Life has many storms that we must pass through, some are physical storms while others are emotional earthquakes and hurricanes designed to bring even the strongest person to their knees. Yet just like the physical storms that rock our world in any number of ways, there are also silent one’s. What about the silent snow storm that comes in the night and dumps an enormous amount of snow? You might not hear it, but you can still feel the approach. If you don’t take some precautions then you could be caught unprepared and in some cases the cost could be a terrible thing.
I remember so many times the lightning and thunder storms outside. Thunder so loud it vibrated the walls and windows, and rain so hard you wondered if the roof would hold up to it all. Invariably the lights would go out and then the storm its self becomes the sole focus. My parents always kept hurricane candles ready for those storms. We were never completely in the dark, because when we knew it was coming, out would come the flashlights and candles ready should we need them. It’s a practice I still follow. I love fragrant smells and even have some of the appliances that heat scented wax, but I really have a great love for candles, not just for the scent, but the light and warmth they offer as well. I remember being scared, huddled in the dark with the storm raging outside, but the simple act of turning on the light made a huge difference.
It doesn’t really matter how dark it is, or how much the storm howls, the act of lighting that candle made it all seem better. Why? Because suddenly the storm wasn’t the sole focus anymore, now we could focus on the light, watch the candles, be entertained by the flickering flame and the shadows cast on the wall. Suddenly the darkness was broken and we could see again.
I can’t think of a better symbol of hope than a candle, darkness cannot stand against even the smallest flame. It’s a simple reminder that even the smallest light makes a difference.
There are many storms on the journey that is this life and no one really wants to go through a storm alone. Remember that though we cannot always see and feel the storms around us, everyone is going through something and what may seem like a small or insignificant act of kindness that you didn’t think twice about doing, may be just the “candle” that the other person needs to ride out the storm.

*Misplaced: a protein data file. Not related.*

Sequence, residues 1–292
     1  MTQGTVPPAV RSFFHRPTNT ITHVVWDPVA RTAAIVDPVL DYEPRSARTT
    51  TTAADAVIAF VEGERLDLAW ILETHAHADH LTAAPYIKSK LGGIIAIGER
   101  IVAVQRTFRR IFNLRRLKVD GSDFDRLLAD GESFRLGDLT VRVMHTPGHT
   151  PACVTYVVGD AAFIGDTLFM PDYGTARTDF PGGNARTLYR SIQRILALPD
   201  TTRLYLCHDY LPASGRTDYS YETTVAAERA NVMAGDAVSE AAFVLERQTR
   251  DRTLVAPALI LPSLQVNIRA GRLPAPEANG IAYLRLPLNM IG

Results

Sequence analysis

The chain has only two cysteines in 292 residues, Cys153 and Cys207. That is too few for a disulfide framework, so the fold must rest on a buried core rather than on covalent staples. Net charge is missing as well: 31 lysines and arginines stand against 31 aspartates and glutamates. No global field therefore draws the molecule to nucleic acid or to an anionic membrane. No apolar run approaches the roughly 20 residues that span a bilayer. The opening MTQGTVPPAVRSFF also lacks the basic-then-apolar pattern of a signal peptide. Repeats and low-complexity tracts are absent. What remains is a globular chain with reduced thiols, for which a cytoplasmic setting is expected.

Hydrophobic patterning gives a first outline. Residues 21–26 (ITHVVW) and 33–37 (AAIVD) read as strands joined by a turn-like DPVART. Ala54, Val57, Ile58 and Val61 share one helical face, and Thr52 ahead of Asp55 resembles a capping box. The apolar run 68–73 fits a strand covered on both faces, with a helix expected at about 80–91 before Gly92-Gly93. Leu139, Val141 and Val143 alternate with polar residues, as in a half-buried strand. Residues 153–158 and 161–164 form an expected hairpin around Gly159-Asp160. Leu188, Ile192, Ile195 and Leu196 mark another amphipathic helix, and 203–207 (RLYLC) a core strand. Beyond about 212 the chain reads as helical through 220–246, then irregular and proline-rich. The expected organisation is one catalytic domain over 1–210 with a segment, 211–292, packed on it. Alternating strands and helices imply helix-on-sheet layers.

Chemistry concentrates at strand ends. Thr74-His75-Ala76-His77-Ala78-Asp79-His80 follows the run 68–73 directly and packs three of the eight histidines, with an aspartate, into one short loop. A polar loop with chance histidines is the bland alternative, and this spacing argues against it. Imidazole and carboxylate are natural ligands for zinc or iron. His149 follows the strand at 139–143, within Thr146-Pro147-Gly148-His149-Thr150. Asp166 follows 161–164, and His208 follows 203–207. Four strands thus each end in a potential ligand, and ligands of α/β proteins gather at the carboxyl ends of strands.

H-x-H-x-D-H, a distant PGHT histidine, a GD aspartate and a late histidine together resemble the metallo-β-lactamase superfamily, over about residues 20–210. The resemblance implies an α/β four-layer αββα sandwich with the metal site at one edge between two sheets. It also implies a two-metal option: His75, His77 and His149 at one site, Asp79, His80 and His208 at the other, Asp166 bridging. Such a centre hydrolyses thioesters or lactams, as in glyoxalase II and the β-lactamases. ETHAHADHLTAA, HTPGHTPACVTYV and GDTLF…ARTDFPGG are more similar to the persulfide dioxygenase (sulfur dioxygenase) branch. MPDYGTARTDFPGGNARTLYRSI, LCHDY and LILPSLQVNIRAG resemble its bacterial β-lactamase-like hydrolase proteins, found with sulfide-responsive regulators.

Cherry Keal (c)
When I was a child, I was allergic to dairy and chocolate. Or at least that’s what the doctor said. I couldn’t drink milk, but half and half didn’t bother me in small amounts. I wasn’t allowed to have chocolate as it was believed that this contributed to me having asthma attacks. So until I was a teenager, chocolate is not something I really got to eat. My candies consisted of rock candy, peppermints, taffy now and then, and at Christmas my mom would make divinity. I still love divinity.
At the age of three years old and just after I had endured the chicken pox, I was signed up for allergy shots. I still remember this vividly. I can describe the doctor’s office, the way it was set up, the murals on the walls and the fact that during the “scratch test” they had my mom go sit in the waiting room while they tortured me. Ha. I remember too jumping down off the bed, running up the hallway, ducking under trays, hopping over the scales, dodging the nurse, only to get to the door and not be able to reach the handle and pull it down to unlatch it. I screamed and banged on the door as loud as I could, but they must’ve had some major sound proofing in there because my mom did not rescue me. I was picked up and taken back to my room where I was put under house arrest and forced to endure the rest of the tests, and then take a breathing treatment for good measure.
It was determined I needed at least two allergy shots per week, plus breathing treatments and my mom (brave soul) agreed that she would be the one administering them at home. This was not an easy task as for at least two years I fought like the devil was trying to kill me each and every time my parents tried to give me a shot. Twice a week my brother would chase me and get me cornered, my dad would grab me and hold me down and mom would stab me in the arm with the needle. I look back on this now and realize how incredibly hard that must’ve been for them.